Dev Diary 7: Focus groups and participatory design
We just ran our first focus groups for the notebook and the designer!
shorter longer update this fortnight because Penny and Brian just finished running focus groups at UNSW! Also a short reflection on participatory design in 2022…
“I’m a bit of a numpty, but even I can do this [designing a notebook]” — Focus group participant
Focus group report — Brian’s reflection
The major news this update is that we conducted our first focus group over at UNSW Sydney. We recruited project participants to test an existing notebook and then to try their hands at notebook creation. We brainstormed ideas and improvements and “features we would pay for”1 on a nearby whiteboard as participants worked through sample notebooks and reflected on their experience.
As with any first test of a software product, it was not without hiccups.
After a highly successful recording session out on the central UNSW walk in front of the chemistry building, none of the tablets deployed late last night were syncing. While Penny pivoted to discussion and feedback around the data collection process, I started digging into the problem. Only to discover about an hour later a sync bug due to my fake-users with free email addresses2. There’s nothing like the first deploy in front of a live audience to highlight the gulf of a developer’s “It works for me” and actual pragmatic reality.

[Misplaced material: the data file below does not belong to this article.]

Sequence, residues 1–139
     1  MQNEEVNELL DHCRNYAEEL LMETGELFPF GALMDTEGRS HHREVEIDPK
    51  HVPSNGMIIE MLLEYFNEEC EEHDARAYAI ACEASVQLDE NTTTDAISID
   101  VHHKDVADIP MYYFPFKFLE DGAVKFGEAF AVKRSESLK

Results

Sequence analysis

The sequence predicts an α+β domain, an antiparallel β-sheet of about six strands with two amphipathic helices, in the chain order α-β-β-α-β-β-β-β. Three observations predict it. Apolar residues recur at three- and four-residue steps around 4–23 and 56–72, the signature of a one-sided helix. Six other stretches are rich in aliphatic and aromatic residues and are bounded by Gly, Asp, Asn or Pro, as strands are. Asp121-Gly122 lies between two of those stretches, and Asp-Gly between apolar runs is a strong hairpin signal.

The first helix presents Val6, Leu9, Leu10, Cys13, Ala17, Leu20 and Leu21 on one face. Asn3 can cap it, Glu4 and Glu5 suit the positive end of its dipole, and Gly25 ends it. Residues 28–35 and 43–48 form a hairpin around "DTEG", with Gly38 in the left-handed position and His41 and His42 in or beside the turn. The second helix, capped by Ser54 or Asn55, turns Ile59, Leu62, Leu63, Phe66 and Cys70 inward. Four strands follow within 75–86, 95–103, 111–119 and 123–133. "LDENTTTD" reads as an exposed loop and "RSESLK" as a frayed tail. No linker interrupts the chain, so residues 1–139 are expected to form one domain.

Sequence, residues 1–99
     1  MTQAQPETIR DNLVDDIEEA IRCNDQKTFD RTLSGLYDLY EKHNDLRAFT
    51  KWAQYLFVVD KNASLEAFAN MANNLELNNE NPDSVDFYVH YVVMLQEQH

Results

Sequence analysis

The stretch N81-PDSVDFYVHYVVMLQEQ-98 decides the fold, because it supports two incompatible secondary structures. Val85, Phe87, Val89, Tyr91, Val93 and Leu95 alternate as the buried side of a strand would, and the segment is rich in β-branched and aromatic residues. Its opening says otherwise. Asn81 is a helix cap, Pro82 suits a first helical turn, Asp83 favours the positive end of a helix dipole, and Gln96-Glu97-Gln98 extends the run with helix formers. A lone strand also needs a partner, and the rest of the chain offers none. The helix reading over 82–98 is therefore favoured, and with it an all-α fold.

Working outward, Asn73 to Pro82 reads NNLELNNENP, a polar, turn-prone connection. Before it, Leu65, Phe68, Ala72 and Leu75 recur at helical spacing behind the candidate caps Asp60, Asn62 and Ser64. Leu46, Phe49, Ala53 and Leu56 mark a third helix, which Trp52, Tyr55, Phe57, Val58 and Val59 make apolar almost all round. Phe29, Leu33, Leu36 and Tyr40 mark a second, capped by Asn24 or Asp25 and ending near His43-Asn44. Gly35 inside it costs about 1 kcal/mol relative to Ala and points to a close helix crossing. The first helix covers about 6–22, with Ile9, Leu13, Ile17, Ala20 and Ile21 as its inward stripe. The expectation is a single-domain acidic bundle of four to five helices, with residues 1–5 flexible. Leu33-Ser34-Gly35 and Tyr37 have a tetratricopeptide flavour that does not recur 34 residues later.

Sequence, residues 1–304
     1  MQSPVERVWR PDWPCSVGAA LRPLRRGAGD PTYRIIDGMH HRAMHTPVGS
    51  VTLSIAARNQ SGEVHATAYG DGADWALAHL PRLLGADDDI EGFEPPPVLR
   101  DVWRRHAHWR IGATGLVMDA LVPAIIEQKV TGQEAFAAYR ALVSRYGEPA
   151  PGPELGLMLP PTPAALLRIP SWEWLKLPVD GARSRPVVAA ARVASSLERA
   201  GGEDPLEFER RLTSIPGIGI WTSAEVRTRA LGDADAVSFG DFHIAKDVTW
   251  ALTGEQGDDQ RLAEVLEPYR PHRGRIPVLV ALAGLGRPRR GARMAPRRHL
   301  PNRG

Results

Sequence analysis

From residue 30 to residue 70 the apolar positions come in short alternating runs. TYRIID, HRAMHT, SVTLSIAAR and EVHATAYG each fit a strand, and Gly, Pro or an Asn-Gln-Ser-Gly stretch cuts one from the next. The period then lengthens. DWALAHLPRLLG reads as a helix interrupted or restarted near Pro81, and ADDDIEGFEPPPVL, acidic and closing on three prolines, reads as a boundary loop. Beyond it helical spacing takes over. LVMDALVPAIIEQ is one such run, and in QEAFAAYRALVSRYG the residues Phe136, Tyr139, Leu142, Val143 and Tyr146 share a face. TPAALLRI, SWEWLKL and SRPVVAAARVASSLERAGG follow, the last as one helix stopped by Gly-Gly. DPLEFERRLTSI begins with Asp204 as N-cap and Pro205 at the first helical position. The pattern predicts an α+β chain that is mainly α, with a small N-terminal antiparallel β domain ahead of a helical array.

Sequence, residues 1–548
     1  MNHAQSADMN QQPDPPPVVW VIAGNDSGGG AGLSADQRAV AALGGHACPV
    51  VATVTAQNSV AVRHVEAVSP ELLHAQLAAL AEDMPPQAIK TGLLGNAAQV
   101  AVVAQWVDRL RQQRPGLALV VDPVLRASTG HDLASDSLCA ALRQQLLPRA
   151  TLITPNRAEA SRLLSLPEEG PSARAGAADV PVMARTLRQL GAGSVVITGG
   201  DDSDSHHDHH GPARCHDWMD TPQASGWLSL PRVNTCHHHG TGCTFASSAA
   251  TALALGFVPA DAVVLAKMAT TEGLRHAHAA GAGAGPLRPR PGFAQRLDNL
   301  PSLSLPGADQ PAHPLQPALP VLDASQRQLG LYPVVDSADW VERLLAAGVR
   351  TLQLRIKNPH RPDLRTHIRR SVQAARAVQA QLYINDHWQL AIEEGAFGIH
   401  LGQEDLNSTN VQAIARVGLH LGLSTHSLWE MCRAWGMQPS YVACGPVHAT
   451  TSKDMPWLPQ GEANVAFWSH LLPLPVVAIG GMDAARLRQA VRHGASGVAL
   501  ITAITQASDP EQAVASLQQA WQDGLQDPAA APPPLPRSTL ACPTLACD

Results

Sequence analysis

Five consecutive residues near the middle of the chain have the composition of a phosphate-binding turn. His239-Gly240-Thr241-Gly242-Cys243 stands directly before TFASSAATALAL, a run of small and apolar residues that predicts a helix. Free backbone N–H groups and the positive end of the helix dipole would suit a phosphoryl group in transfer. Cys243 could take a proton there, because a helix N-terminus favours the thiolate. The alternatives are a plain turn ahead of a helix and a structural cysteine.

We then had a lovely catered lunch of sandwiches3, and turned to the notebook creator. Watching how people engaged with this early-beta software was amazing. They dived right in and started making notebooks and asking about various deployment scenarios. And while Penny and I will miss the flexibility of an entire runtime scripting system allowing for a decade worth of hacks to be accumulated into a working system™, the GUI notebook creator was a hit with our participants. They all had ideas about how they could use FAIMS3 now to improve their various workflows.
Despite teething troubles, our first focus group went very well indeed. FAIMS3 is so much lighter weight (figuratively and literally) than earlier FAIMS deploys: I didn’t have to lug around a server and access point for a local deployment, and the app worked in browser and on tablet! It clearly solves a profound need for sophisticated offline data collection systems which are user-customisable. Now all we need is to finish our iOS deployment4.
Our next task is… to prepare to give this focus group… remotely…